Are We All Just Lazy?

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Are We All Just Lazy?

A. Michael Noll

December 11, 2017

© 2017 AMN

How many of our new products and services are motivated mostly by our laziness? However, the marketing folks would claim that they are just making life easier for us.

Television sets of the past had tuners with knobs. To change a channel, we had to get up from our sofas and go to the TV set to turn the knob to a different channel. This was so much effort that we usually just left the TV set on a single channel for the entire evening. And then the TV remote was invented. Now we could relax in our sofas and simply press a button to flip from one channel to another – the height of laziness.

Today we have voice-assisted products. All we have to do is simply speak to it to obtain information or to turn on a lamp. No longer do we have to search the Internet by typing on a keyboard. We just speak to our computers and voice-assistants.

Decades ago, AT&T was attempting to market its video teleconferencing service. But people thought it was easier to take the train than to schedule and walk across the street to a teleconferencing room.

It takes physical energy and effort to speak – it can be tiring. Somehow it is easier just to type or text a message. Perhaps it simply takes less physical effort and is less tiring. But if we do not have a keyboard immediately available, then speech is the way to go.

A. Michael Noll

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Response to 87th Birthday Dinner Party – The Willard Hotel

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November 21st, 2017


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Remarks by Commissioner James H. Quello At Jim Coltharp’s Going Away Party at The Palm

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September 22nd, 2017


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Remarks by Commissioner James H. Quello Before the Texas Association of Broadcasters

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August 29th, 2017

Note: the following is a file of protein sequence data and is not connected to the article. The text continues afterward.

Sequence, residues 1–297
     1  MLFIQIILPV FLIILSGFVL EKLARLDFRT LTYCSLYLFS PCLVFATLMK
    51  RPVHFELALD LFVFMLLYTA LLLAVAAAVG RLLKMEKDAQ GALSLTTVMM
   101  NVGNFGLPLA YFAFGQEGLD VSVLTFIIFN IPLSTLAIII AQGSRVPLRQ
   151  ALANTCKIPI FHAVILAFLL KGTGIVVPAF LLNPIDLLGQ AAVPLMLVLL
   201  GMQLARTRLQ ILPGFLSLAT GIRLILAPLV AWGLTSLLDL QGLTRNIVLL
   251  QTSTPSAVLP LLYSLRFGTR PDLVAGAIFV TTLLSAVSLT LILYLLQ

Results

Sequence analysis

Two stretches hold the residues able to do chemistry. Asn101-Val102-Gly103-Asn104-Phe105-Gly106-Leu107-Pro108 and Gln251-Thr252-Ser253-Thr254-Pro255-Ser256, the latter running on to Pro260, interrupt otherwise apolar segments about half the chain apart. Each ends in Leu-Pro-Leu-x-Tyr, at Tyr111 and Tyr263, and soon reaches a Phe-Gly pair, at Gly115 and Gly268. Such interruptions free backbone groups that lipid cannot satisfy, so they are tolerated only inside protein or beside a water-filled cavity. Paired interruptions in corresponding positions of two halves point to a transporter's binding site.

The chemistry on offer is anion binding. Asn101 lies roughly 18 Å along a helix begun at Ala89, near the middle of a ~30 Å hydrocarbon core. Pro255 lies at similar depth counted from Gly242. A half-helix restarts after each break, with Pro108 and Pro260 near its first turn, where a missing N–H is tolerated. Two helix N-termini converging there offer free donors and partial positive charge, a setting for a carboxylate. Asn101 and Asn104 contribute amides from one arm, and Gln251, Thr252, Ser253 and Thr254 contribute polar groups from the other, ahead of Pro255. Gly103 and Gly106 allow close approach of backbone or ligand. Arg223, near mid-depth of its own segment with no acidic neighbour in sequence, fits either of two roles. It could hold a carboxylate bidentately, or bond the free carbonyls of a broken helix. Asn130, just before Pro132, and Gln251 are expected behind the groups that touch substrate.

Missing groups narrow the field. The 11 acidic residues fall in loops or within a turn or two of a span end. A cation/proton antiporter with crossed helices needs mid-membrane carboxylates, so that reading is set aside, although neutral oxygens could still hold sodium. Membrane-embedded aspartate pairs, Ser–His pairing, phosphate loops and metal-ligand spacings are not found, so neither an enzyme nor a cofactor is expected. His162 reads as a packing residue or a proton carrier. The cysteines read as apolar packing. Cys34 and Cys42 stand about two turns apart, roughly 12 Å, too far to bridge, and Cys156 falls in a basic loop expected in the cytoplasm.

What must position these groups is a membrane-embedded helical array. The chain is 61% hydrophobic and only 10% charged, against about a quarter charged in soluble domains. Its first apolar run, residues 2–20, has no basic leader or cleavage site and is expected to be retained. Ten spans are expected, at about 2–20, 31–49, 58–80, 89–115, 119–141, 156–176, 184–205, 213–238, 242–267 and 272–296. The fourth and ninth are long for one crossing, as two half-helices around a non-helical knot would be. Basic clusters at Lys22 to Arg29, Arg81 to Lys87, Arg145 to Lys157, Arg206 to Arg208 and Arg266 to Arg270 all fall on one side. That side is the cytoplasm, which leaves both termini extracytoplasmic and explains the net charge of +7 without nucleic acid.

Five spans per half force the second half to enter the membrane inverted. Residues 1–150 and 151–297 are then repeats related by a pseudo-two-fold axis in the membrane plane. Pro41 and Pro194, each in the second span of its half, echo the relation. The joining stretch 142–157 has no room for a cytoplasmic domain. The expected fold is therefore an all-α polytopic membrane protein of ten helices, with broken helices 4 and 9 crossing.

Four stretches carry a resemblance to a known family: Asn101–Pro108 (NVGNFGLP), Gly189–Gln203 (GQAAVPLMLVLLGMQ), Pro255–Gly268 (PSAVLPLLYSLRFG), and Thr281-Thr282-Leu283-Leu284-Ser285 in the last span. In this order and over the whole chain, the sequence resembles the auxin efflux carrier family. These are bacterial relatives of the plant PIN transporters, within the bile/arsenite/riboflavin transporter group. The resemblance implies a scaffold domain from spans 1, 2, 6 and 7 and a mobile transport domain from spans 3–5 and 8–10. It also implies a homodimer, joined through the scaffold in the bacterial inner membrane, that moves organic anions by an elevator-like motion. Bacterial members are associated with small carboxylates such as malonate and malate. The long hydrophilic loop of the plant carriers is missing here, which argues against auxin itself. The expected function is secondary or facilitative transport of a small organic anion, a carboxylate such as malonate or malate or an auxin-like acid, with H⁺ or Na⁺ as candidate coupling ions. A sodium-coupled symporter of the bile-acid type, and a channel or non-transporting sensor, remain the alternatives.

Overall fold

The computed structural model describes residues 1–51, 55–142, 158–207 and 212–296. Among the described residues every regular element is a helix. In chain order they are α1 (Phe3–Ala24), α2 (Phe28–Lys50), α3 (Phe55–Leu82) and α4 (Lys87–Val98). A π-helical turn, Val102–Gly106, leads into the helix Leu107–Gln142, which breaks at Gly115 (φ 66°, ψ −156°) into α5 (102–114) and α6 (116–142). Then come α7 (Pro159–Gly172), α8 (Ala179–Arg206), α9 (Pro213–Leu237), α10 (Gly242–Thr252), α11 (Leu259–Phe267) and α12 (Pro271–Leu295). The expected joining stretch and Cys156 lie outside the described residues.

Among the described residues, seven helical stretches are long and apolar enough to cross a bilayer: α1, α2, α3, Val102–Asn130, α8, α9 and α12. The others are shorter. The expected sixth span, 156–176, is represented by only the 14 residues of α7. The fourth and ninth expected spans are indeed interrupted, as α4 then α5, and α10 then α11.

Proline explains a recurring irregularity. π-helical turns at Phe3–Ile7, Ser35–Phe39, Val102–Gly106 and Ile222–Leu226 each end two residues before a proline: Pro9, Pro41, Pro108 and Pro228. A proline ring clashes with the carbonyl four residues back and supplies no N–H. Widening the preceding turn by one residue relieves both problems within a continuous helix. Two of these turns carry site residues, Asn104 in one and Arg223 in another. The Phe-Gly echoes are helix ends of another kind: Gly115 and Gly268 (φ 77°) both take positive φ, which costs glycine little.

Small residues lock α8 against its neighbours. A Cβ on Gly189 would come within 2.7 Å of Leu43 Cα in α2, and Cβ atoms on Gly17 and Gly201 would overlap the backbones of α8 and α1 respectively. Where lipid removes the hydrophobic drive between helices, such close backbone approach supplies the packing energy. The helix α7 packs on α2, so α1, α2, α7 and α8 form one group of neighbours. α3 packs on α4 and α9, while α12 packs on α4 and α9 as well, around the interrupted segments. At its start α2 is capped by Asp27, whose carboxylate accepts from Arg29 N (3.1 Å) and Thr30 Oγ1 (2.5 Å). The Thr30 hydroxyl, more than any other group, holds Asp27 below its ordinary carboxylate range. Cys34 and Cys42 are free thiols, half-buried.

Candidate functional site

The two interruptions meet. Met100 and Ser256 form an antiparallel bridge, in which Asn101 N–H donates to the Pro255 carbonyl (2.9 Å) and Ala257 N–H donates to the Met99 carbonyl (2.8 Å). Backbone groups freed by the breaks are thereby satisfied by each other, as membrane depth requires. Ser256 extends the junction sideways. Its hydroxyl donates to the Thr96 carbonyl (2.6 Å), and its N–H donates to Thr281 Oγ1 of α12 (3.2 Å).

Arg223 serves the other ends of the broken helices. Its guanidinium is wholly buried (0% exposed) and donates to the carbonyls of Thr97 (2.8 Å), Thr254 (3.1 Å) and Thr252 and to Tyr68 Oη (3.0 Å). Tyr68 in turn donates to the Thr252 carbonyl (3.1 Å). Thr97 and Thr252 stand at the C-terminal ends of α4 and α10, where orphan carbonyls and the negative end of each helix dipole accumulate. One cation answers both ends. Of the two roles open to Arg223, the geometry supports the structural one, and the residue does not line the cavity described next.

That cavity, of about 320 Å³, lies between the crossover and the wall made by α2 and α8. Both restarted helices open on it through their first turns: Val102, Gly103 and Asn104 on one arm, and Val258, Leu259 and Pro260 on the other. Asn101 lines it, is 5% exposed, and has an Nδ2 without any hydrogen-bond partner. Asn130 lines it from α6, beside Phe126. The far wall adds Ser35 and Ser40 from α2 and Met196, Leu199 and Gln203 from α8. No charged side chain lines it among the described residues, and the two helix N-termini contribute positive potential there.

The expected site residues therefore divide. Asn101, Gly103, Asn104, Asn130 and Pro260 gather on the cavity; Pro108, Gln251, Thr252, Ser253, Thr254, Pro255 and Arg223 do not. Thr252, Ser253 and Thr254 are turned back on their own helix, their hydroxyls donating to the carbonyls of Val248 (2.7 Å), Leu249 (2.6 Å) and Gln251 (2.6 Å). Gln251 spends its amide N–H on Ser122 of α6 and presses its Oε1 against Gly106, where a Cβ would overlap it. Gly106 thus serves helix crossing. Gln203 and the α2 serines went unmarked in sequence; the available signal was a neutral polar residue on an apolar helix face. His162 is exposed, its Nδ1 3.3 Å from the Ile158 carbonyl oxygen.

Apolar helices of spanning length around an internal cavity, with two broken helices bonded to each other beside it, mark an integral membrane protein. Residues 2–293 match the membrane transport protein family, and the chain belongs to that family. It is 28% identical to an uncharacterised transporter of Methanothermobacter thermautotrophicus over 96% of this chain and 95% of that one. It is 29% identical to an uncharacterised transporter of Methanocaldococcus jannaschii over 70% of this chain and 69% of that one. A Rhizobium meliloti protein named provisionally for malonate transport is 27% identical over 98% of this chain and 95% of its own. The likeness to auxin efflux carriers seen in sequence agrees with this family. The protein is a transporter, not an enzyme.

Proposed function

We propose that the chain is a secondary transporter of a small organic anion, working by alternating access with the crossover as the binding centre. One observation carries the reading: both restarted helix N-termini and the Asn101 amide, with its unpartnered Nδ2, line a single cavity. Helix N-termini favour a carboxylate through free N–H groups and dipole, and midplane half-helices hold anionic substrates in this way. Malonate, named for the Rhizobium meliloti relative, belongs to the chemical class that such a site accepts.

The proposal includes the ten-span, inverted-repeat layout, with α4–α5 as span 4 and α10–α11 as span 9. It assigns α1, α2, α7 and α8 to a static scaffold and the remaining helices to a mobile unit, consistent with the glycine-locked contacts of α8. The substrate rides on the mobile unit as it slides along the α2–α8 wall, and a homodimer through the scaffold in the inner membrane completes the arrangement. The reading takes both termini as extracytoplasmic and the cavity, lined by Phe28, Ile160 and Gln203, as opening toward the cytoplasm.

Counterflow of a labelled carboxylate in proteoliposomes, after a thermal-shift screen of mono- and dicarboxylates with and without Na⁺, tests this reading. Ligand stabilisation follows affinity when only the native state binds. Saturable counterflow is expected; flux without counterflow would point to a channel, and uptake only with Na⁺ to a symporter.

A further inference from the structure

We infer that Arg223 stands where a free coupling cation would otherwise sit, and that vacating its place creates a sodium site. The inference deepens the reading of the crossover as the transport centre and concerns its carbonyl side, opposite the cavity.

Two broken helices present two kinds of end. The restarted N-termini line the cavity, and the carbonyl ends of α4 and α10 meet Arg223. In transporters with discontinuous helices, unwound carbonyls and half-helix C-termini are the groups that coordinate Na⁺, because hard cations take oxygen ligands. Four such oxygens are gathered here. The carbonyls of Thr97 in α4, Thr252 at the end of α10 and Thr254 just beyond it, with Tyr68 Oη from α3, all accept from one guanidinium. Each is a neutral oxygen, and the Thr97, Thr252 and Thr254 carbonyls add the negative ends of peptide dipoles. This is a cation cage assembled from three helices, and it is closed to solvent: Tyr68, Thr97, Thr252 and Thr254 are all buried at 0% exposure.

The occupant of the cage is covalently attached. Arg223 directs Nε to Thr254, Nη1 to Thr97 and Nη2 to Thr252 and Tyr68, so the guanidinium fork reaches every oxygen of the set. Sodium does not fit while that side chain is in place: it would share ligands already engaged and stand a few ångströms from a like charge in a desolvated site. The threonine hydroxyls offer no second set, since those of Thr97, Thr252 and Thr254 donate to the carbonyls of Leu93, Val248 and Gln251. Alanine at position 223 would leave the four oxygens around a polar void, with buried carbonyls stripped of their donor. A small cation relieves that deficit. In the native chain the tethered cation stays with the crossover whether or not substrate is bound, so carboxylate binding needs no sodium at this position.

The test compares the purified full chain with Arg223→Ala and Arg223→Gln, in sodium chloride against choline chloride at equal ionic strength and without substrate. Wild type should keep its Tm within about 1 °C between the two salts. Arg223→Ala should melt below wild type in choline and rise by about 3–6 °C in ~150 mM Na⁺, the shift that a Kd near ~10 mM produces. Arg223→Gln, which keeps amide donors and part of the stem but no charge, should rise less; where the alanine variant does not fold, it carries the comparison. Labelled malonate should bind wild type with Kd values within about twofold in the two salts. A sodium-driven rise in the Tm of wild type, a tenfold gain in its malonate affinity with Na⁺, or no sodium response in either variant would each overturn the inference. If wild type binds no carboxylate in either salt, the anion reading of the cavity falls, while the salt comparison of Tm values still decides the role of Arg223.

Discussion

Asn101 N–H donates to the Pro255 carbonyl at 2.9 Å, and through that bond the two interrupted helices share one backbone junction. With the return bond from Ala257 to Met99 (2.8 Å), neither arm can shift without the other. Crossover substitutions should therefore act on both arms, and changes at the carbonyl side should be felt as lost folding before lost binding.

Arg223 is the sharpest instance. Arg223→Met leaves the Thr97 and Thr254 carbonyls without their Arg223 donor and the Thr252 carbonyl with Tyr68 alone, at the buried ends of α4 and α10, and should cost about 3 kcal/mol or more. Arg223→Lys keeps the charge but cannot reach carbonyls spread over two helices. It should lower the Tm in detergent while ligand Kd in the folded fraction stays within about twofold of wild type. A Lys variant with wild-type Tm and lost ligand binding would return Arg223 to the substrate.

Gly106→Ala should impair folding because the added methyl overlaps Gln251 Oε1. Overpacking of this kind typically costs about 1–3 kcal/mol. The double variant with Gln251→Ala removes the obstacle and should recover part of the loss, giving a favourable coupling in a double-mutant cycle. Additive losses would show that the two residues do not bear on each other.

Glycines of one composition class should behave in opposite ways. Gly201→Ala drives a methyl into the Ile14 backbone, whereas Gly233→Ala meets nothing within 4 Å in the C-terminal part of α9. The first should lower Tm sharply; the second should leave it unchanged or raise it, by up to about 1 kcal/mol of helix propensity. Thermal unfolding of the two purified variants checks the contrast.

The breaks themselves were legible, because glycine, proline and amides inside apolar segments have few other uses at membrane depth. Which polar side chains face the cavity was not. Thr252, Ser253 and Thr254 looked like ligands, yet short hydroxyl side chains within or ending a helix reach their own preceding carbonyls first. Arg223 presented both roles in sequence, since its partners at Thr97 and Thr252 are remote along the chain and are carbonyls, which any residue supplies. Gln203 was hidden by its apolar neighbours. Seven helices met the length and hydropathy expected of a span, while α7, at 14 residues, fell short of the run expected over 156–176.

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From Commissioner James H. Quello To Mr. Carl E. Lee

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July 19th, 2017


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Speech Recognition Reassessed by A. Michael Noll

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Speech Recognition Reassessed

A. Michael Noll

© 2015 AMN

My new Garmin GPS navigation unit has made me reassess my previously negative opinion of automatic speech recognition. I am now impressed. But it has taken many decades for me to change my mind.

Back in the 1960s, when I was working in speech research at Bell Labs, speech recognition was in its infancy. Not only was the performance not very good, but also the applications were challenging to identify. A keyboard and knobs were far easier to use. Speech recognition a half-century ago required the largest computers that were then available – and they did not recognize speech in real time. Today’s speech recognition is much better and produces results in real time – and on devices we have in our cars or carry in our pockets. The technology has progressed significantly.

John R. Pierce (the famed father of Telstar) had written a paper “Whither Speech Recognition?” in the Journal of the Acoustical Society of America in 1969. He predicted a dismal fate for automatic speech recognition. I followed with my own paper taking a similarly skeptical view of automatic speech production.* I believed that graphical display of information was better than machines that spoke to us. But I did acknowledge that speech recognition might help a “driver to keep eyes on the road.”

We thought that imperfect automatic speech production would be more acceptable than imperfect speech recognition. That is because we believed that humans were better at understanding automatic synthesized speech than computers were at understanding human speech.

My Garmin represents the state of the art in both automatic speech recognition and production, as it not only recognizes speech but also creates synthetic-speech directions when navigating me along a route. Neither is perfect. Some pronunciations are comically wrong – and it will not recognize the names of some restaurants. Most of the time, it is great – but at other times, it is frustrating. But speech is much better – and safer — than attempting to touch the screen to enter data while driving.

Since my Garmin GPS unit sometimes will not recognize the correct pronunciation, I have to pronounce words incorrectly but in a way that it does recognize. My Garmin is making me conform to it, and I wonder whether we will over time have people with a Garmin accent!

I am told that the speech recognition by Google and Apple are very good. These systems send the speech to a remote cloud-based computer that has considerable processing power and speech-recognition software. But when using a computer, I still find it is easier to just type my request for information. Speaking to a computer, for me, just seems like more energy and effort. But I guess that if I used a smart phone, then speaking might be easier than typing on a small screen. However, at my old age, I am not smart enough for a smart phone!

*Noll, A. Michael, “Whither Speech Production?” The Journal of the Acoustical Society of America, Vol. 47, No. 6 (Part 2), June 1970, pp. 1614-1616.

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